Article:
I’m not sure I have ever written anything or given a sermon that I was perfectly pleased with. Always it feels like I could have done a little better job but the deadline came and it was time to go with what I had. Every week there are a few of those deadlines. The newsletter has to go to press, the classes meet as scheduled, the times for the weekday Eucharists arrive, Sunday morning just keeps on presenting itself. Time for preparation is set aside but, eventually, something has to be delivered. How could it be good enough, after all? The message is endless in possibility and the audience is so diverse. And here I am, limited by my own insights and abilities.
It used to be that I would get panicky at deadline time. I wanted so badly to get it right, to do well, to exceed expectations and impress. “Ah,” as an old mentor told me once, “what God will use to get a decent sermon out of us.” Over the years those deadlines have done something to me. While I used to fear whatever I was preparing wouldn’t be good enough, now I’m more accustomed to knowing that it never is perfect but it just can’t be. I’ll do the best I can and somehow that will turn out okay. Maybe I’ve figured out I’m not a home run hitter and have become content with singles and doubles. Or maybe I’ve learned to tune out the crowd and focus more on the ball coming at me. There is some relief in coming to know I don’t have to win the whole game with this swing of the bat. I just need to get on base and then wait for something good to happen. (You can tell I’m getting excited about baseball season starting!)
We all have deadlines to meet. There are the business deals to prepare for, the meetings with clients, the dinner parties, the yard work and housecleaning, the holidays, the exams and tests, the children to raise, the conversations with spouses or friends, the shopping, the health issues to address. Everyday something is required of us and we are called to prepare and then deliver. It’s pretty steady, this earthly existence, and those deadlines keep on coming.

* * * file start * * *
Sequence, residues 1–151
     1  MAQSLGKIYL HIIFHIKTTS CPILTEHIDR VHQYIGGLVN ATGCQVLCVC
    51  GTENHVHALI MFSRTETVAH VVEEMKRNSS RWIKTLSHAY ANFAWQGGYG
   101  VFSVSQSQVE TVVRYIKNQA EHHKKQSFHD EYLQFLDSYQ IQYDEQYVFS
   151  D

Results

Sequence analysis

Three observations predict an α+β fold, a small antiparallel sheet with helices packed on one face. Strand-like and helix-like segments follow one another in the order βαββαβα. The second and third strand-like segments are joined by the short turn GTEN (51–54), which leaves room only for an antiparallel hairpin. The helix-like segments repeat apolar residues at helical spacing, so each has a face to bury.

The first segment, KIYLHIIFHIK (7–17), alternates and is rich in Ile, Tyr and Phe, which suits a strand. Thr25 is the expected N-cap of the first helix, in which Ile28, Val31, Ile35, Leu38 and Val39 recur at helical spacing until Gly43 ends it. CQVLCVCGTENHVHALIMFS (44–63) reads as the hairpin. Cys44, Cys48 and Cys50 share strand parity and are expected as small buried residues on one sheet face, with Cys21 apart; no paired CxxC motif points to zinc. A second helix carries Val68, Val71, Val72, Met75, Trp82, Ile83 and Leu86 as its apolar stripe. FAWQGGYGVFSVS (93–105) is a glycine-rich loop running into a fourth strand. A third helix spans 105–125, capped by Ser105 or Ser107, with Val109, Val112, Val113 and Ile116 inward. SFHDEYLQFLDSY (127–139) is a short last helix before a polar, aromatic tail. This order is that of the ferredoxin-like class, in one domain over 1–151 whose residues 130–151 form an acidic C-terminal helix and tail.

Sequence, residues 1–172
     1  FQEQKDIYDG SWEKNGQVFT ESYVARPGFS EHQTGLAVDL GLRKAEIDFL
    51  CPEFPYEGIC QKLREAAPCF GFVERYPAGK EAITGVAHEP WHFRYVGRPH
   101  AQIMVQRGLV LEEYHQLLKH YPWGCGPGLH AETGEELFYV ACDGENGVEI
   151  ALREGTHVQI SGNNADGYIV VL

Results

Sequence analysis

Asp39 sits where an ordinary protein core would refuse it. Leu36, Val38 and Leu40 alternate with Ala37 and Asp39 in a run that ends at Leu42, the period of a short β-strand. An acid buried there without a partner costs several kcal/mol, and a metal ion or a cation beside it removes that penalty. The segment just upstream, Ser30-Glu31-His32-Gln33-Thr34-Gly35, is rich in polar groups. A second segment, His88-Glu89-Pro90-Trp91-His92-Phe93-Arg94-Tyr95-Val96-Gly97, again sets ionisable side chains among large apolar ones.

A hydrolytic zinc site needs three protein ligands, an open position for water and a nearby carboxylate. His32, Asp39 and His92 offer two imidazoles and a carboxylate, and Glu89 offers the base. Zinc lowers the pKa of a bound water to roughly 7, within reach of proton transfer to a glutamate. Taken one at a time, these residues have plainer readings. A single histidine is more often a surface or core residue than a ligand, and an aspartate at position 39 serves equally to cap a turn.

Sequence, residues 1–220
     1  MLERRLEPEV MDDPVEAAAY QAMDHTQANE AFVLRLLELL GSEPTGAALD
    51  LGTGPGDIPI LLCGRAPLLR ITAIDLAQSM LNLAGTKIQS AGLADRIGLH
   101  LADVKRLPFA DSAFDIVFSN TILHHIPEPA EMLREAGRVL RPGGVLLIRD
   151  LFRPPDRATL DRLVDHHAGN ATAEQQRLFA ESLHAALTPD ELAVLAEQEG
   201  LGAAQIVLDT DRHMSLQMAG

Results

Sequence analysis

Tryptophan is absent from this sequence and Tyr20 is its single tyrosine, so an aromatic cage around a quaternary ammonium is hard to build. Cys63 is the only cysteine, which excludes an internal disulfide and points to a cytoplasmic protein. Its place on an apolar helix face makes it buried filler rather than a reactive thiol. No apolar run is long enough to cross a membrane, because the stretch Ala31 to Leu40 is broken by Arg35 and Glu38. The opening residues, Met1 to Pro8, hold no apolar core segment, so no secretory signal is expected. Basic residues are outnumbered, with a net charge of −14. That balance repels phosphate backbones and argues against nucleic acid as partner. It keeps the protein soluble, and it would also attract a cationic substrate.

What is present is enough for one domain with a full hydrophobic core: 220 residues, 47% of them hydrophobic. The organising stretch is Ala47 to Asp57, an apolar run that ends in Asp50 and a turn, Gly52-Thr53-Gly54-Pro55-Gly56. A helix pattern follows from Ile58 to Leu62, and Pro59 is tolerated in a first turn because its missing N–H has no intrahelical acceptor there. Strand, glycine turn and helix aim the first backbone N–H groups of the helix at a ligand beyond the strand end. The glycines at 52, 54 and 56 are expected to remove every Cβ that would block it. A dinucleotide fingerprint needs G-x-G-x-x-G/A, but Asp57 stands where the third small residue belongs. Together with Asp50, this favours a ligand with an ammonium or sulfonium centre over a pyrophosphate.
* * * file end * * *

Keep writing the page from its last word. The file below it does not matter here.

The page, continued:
Life can seem relentless. It just won’t let up. After all we’ve had to do, there always seems to be more that is required. The deadlines remind us we’re not big enough to do it all as well as it could be done or should be done. We can grow weary and resentful as we approach the deadlines as enemies to conquer or crises that may destroy us. Such power we give to things beyond us.
Life actually is pretty gentle. Sure it keeps on coming at us, but more in a gracious flow of new chances than a barrage of events designed to bring us down. Looking back we can see that things have generally turned out better than the sum of our efforts. We’ve all struck out numerous times. But the pitches keep on coming. Life isn’t designed to entrap us and prove our unworthiness. Life is designed to shape us into thankful, appreciative, trusting participants in something bigger than ourselves. Our value isn’t determined by how we do this one thing. Our value is given to us by a gracious and loving savior who is making all things well.
Maybe you’re like me and get to pressing in life and forget that this is supposed to be fun. This isn’t a grim challenge to see who can make the cut. Life, and the spiritual journey, is lighter than we usually make it. Today’s deadline is here. Go with what you’ve got. Begin now to prepare for the next deadline to come. It’s a joyous rhythm: preparation; action; reflection; growing. It’s all designed to bring us closer to the kingdom of God.
Robert C. Wisnewski, Jr.
EFM Classes Forming
Education for Ministry classes are now being formed for the fall. EFM is a theological study course offered by extension through the University of the South – Sewanee and is designed for lay people. It is a series of 4 one year courses which involves individual study and group reflection. The purpose is to deepen in knowledge and understanding of the Christian faith and to be further formed for ministry in the world. St. John’s is fortunate to have 4 EFM classes: Thursday night 6:30-8:30; Sunday nights 5:30-7:30; Wednesday morning 9:30-12:00; and an on-line course is offered Fridays 9:00-10:30. If you are interested in any of these classes, please contact our EFM coordinator George West (285-4317 or email@example.com) or Robert Wisnewski (firstname.lastname@example.org) or one of the other mentors (Dudley Perry, Maria Pacheco-West, and Karen Pirnie).
Confirmation – May 12
Bishop Santosh Marray will be here to celebrate, preach, and confirm on May 12. If you are an adult or older youth and wish to be confirmed at that time, please contact Robert Wisnewski (email@example.com) so that we might make arrangements.
Palm Cross Folding – Sunday, March 17, at noon
Come join us for about 30 minutes on Sunday after church and fold palm crosses for Palm Sunday which is the next week. The more the merrier. It’s even better because we’ll serve pizza for lunch!